If everything goes as planned, filmmakers Kevin and DeAnna Cooper hope to do for the Northwest suburbs what John Hughes did for the North Shore.
The husband-and-wife team filmed most of the movie "I Heart Shakey" in Naperville and Wheaton, and plan to make more movies in the suburbs.
Where to see 'I Heart Shakey'The family comedy film "I Heart Shakey," also available in 3-D, will be on Netflix and in Redbox Aug. 28. It will be available in stores on DVD Sept. 4.
"We're hoping everything we shoot can be shot here," said writer and director Kevin Cooper, 45, of Wheaton, who also heads the film production department at Columbia College in Chicago.
"I Heart Shakey," a comedy about a family who is forced to give away their dog when they move to Chicago, stars 12-year-old Rylie Behr of Oak Park, Beverly d'Angelo, Steve Guttenberg and Steve Lemme. It played briefly in local movie theaters earlier this year; the film comes to Netflix and Redbox next week and will be in stores in early September.
While the movie features sweeping scenes of Chicago's skyline, most of it was filmed in the suburbs, at places like St. Peter & Paul School in Naperville and in an empty office-turned-movie studio next to the Hotel Arista in Naperville.
In the office space, the Coopers used video tricks -- including green screens and a re-creation of Chicago's DuSable bridge -- to film many of the movie's scenes. Because the technology is so advanced, the Coopers said they could make a Hollywood-quality film without the high expense and hassle of filming downtown.
"Anything we had to do, we could do in the suburbs. We created a little Hollywood lot, right there in Naperville," DeAnna Cooper said. "We were able to apply the knowledge and skill we had in Hollywood and apply it right here."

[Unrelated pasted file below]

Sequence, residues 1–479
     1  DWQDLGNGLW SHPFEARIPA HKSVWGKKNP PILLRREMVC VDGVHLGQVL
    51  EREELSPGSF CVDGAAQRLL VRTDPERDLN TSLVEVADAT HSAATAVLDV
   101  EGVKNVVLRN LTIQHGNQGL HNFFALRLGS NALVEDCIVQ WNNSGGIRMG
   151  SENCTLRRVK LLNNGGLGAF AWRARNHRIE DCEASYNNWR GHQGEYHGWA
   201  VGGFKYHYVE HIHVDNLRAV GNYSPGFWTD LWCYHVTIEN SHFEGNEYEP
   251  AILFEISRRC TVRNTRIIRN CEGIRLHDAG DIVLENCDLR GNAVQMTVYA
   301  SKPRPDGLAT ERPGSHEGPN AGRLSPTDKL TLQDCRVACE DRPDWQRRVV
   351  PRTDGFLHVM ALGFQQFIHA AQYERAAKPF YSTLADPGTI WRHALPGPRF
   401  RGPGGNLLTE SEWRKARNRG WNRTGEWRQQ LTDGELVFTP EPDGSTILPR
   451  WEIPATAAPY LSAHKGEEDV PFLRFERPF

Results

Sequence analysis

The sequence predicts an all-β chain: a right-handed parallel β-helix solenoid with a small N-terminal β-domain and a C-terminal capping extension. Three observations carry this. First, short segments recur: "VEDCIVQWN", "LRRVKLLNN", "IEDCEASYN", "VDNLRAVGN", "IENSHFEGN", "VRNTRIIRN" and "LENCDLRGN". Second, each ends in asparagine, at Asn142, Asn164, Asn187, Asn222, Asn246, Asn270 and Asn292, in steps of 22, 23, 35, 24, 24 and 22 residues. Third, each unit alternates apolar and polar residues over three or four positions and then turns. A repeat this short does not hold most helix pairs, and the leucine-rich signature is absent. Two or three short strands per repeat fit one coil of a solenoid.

Shooting in 2010, they spent two days working in Wheaton and 20 days in Naperville, Kevin said.
The Coopers even tried to use a suburban dog to star in the movie. They found a great mutt from a West suburban rescue group and trained it for six months, but Kevin said the dog just wasn't a performer. Ultimately, they had to issue a last-minute, nationwide casting call and found a dog in New Mexico and a "double" from Wisconsin. Kevin said the American Humane Society was on the set every day of filming, and had very strict rules about things such as who could handle the dog and how long he was allowed to be under the lights. Being dog lovers, the Coopers were happy to oblige.
Kevin Cooper had wanted to make "Shakey" for almost 20 years, and the movie came to life serendipitously. One day, while Kevin was playing in the front yard with his kids, a neighbor he didn't know very well, Paul Payne, walked by and they started talking. Cooper told him he was a movie producer who had just moved to Wheaton from Los Angeles, and Payne said "Guess what? I finance movies."
Payne was a big fan of Cooper's previous movie, "Secondhand Lions," a 2003 coming-of-age story starring Michael Caine, Robert Duvall and Haley Joel Osment. So Payne's investment firm ended up helping to fund "I Heart Shakey." The story is based on Kevin's real-life story of moving from New York to Hollywood with his beloved Labrador mix, Chaplin. After plunking down thousands of dollars in moving-related expenses, Cooper learned from his landlord that dogs weren't allowed, and he had to get rid of Chaplin or face eviction. After grappling over what to do, he initially decided to give Chaplin away -- only to realize it was the wrong decision and his priorities needed realignment.
Chaplin died a few years ago, but not before he moved to Wheaton with the Coopers.
Since moving here from Hollywood, the Coopers say their quality of life has improved tremendously, and they appreciate being in a place where people share their family values.
"We were working such long hours in L.A. that we never saw our kids. Here, after school, our kids would come hang out on the set after school or camp. Keeping the family together is most important. If I'm traveling to L.A. all the time, I'm not going to be a very good dad," Kevin Cooper said. "We're just at the beginning of this journey, and we've learned so much. We're humbled by it, and we're energized. You don't have to be in Hollywood and take part in the craziness."
• Dann Gire and Jamie Sotonoff are always looking for people from the suburbs who are now in showbiz. If you know of someone who would make a good feature, email firstname.lastname@example.org and email@example.com.